Who says metal has to be constantly laboured by doom, death and destruction? If you’re searching for a little optimism instead, look no further than the album cover above. Maybe they’re trying to make a statement, perhaps all that Floridian sun has gone to their heads, but Torche are here to bring a ray of sunshine into metal’s shadowed cell.
With Harmonicraft, the band’s third studio album, Torche have further refined the sound they’ve been developing over the past eight years. If there was ever a summertime metal album, this is it.
From the outset, Harmonicraft is a gloriously euphoric listen. Opener ‘Letting Go’ hits where it counts, rattling bones and squeezing hearts, with an almost overwhelming level of fuzz in the mix. This noise and distortion threatens to overthrow Steve Brooks’ increasingly accomplished vocals at any second, especially during one-and-a-half-minute riff-rock workouts like ‘Walk It Off’ and ‘Sky Trials’, but this only draws attention to the album’s uninhibited nature.
Although it’s always been difficult to completely pin the stoner and sludge tags to Torche, this is perhaps the furthest they’ve moved away from such labels. Yes, the fuzz is still there and Brooks’ singing is still unquestionably virile, but at times this sounds more akin to Smashing Pumpkins, albeit without Billy Corgan’s existential whines and stretched-out compositions: Harmonicraft is a fast-paced listen and one where each track feels so fully-formed within its first few seconds that it doesn’t need any additional development.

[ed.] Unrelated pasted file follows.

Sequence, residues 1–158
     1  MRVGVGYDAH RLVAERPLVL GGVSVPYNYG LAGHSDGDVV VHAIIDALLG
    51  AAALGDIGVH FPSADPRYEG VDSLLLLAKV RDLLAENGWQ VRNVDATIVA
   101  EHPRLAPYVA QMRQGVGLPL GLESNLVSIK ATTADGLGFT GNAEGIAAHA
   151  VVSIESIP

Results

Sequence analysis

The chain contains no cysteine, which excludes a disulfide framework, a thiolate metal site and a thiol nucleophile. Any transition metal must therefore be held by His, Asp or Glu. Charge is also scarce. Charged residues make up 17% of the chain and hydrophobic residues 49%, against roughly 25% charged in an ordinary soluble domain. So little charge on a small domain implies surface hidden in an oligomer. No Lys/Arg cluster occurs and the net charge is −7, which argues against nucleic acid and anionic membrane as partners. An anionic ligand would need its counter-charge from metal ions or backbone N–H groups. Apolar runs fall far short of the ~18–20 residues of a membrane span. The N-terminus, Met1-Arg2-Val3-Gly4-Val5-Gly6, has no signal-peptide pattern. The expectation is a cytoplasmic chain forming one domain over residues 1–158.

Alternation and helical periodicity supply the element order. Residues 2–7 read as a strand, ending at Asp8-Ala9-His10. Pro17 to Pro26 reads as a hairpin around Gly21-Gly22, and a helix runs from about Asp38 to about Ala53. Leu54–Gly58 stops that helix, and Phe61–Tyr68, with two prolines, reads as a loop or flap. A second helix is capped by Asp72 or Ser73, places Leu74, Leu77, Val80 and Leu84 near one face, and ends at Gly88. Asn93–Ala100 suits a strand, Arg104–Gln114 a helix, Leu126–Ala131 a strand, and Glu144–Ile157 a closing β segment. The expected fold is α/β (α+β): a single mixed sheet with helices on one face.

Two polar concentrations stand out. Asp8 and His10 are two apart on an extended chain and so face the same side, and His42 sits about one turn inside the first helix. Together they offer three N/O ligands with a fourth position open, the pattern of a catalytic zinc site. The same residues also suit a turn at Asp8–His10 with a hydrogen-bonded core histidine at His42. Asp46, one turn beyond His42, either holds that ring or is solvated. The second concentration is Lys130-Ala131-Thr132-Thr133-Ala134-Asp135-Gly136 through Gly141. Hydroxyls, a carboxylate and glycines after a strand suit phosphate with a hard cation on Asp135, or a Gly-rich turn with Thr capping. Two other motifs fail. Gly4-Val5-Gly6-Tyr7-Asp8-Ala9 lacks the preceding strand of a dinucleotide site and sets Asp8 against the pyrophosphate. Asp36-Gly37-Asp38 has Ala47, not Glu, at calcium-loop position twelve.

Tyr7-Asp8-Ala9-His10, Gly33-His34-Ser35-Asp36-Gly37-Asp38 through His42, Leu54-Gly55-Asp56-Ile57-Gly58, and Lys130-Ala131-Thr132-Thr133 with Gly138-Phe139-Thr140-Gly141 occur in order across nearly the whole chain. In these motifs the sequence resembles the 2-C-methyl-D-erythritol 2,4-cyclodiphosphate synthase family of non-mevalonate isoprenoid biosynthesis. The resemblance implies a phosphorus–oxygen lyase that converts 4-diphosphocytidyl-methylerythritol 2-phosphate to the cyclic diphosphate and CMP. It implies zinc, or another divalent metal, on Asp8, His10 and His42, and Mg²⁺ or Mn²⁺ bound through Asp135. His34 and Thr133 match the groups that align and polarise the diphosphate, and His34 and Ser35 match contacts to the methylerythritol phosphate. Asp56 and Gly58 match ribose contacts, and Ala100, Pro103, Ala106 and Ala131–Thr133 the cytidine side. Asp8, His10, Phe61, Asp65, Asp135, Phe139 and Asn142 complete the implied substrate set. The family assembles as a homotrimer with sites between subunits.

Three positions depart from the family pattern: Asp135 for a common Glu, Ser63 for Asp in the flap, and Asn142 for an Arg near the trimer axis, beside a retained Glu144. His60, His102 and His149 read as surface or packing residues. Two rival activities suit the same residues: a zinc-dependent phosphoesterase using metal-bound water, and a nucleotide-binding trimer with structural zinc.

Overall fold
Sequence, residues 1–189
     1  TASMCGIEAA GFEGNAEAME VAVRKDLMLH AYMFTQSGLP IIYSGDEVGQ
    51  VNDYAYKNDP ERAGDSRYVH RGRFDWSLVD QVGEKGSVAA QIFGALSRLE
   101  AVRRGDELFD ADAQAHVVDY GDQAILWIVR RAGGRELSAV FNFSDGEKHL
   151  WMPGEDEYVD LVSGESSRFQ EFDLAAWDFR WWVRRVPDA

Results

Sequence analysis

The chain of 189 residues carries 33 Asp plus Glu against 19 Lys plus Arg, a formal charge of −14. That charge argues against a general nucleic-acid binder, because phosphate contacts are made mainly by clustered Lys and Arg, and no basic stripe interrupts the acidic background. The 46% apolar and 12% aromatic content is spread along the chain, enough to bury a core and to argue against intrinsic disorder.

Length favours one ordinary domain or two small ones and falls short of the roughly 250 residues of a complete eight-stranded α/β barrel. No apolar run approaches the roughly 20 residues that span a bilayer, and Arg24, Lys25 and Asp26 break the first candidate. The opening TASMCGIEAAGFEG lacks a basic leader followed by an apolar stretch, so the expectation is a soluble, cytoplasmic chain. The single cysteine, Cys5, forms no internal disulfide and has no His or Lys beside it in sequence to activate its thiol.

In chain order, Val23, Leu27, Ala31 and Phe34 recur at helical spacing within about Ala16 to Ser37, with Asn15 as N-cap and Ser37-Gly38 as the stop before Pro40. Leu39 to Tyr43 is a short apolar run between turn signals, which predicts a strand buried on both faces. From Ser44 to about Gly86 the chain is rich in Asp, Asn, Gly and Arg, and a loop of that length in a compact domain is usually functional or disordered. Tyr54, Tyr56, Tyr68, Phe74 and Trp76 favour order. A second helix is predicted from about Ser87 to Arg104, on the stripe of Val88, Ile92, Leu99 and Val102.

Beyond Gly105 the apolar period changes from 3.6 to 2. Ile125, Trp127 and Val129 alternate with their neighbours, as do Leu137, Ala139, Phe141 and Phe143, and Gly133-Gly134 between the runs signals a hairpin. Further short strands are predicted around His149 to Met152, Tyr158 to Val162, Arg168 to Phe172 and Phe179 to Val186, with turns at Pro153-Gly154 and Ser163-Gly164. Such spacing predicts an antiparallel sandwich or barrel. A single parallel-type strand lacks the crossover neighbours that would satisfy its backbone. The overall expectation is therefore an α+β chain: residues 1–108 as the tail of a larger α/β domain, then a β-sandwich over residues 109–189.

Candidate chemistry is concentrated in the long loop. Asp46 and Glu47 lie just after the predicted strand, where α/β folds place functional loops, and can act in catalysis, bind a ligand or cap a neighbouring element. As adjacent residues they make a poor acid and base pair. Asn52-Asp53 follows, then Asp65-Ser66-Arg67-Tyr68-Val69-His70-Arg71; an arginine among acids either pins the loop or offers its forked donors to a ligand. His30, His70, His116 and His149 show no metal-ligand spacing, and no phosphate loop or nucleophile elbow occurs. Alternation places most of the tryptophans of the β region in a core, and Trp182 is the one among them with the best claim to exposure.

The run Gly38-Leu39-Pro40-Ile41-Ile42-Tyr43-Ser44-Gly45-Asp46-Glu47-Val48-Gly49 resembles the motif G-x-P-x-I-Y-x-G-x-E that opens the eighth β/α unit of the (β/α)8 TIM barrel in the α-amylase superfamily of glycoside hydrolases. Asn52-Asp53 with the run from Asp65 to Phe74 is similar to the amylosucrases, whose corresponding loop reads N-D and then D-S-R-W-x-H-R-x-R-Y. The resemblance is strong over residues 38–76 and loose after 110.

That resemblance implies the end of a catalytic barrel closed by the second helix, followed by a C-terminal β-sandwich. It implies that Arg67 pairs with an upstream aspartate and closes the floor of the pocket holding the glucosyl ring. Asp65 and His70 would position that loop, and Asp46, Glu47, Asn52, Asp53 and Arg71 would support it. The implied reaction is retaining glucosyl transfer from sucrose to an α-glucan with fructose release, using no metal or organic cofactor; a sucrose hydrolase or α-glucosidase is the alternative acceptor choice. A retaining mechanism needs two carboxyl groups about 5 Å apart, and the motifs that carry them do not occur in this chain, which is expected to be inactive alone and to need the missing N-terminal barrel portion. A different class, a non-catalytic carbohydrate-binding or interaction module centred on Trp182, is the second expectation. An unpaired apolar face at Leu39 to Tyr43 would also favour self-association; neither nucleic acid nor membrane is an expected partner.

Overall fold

The result is a strange pop-sludge hybrid, something some stoner rock fans will likely object to. Sure, the band aren’t as sludgy as they used to be, but with Harmonicraft they’ve taken a nice long bath and emerged cleaner, fresher and more streamlined than before. This may be a result of new guitarist Andrew Elstner’s influence in tracks like ‘Snakes are Charmed’, where The Edge-esque syncopated delay guitar lines lead to catchy melodies and, again, that great feeling of optimism, unexpectedly born of a fuzz-rock grind.
There are a few morose moments in store however. ‘In Pieces’ brings the Mastodon doom, ‘Solitary Traveler’ is crushing in its minor-key loneliness, while ‘Looking On’ closes the album in classic Torche style, three minutes of traditional sludge followed by two minutes of repeated power chord rings. Yet, somehow, this doesn’t clash with the general buoyancy of the rest of the album; Harmonicraft maintains a certain sharp-edged consistency that ensures a logical progression from beginning to end.
Not everyone is going to like it, although I’d wager that’s more to do with self-impression rather than actual disdain. This is a predominantly positive album, but Torche do elation like no other band; never veering into over-sentimentality, they tread a straightforward route to their listeners' hearts. It’s not a monumental leap forward from the band’s previous work, but Harmonicraft displays the signs of consistent refinement and revels in that fact. Summertime metal album of the year? You betcha. Now we just need that sunshine back…
8Michael Brown's Score